Some people never give up, and in this case, we mean Ben Chan and Gino Gonzales.
The Ternocon at Cultural Center of the Philippines went one step further in promoting the national dress as relevant wear for today’s Filipino women. Not only did it parade in a fashion show last Sunday the terno designs of the participants, who were mostly budding designers, from various parts of the country; the Ternocon mentored these participants in the design and making of the terno.
Gonzales went to the provinces to mentor the participants, and in Metro Manila, he was joined by seasoned designers JC Buendia, Len Cabili and Inno Sotto in giving the workshops.
To my mind, this was the first time terno-making workshops had been given that extensively in preparation for a fashion collection. Some years back, Inquirer Lifestyle “Face-Off” staged the milestone “Masters vs Millennials” to showcase the maria clara designs of veteran designers and millennial designers. Of course, while both generations displayed utmost creativity, the millennials remained in awe of the technique and construction of the masters in doing the maria clara. But the veterans didn’t share knowledge with the millennials.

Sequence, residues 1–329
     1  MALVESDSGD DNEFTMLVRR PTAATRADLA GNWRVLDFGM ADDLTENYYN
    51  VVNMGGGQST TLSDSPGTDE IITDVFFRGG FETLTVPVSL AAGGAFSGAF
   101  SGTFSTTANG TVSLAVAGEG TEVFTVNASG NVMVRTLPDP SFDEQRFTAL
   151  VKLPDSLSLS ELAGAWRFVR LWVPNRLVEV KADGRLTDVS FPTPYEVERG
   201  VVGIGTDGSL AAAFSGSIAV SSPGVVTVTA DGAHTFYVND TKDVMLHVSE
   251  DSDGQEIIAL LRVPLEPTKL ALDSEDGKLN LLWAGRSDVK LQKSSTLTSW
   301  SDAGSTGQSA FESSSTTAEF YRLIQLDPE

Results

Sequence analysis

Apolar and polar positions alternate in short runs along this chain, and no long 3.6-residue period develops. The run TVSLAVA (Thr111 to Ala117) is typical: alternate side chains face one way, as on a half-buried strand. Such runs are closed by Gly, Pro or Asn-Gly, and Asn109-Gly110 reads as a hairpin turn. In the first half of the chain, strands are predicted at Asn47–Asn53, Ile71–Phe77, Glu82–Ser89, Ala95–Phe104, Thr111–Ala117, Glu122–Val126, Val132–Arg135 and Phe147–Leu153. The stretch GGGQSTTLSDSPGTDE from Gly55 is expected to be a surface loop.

Apparently, as a result of the mentoring, the Ternocon yielded polished collections and experimentations with materials (e.g. solihiya weaving). Gonzales told us that one participant, Dave Datoy of Gen San, had never even sewed a dress before Ternocon; he was just mentored by Sotto. And ironically, Datoy’s was one of our favorites—a burgundy empire-cut terno, multi-layered (organza or tulle), with hand-embroidered prints of coconut trees, heart, sun, fruits. It was whimsical, hip, wearable—and not traditional.
We would have wanted the less traditional but wearable designs to win, to show how today’s generation of designers could tweak the terno—including its silhouette—without going overboard or being gimmicky.
That brings us to the point of the whole Ternocon: how indeed do you make today’s women wear the terno in their everyday lifestyle? Can they? Should they?
Last Sunday’s guests came in their terno, although not necessarily in the day terno (not floor-length) specified in the invite that came with a sketch of the day terno and its components (panuelo and all). The women were either in the traditional long terno, or in the more casual-looking day terno that fell at midcalf.
It was impressive how the women, with their designers, gave the terno their individual interpretations—and glammed up on a Sunday at that.
So yes, it seems today’s women are eager to reserve the terno a place in their wardrobe. But how do you wear the terno not only to Filipiniana or special “ninang” occasions, but also to other dressy, even casual, affairs?
JC Buendia, in his Ternocon portion, deconstructed the terno into separates—simple tops and skirts, in indigenous weaves and embroidered piña. Some terno tops hung at midrib—the look was so hip and young. The inabel skirts were draped, falling just below the knee.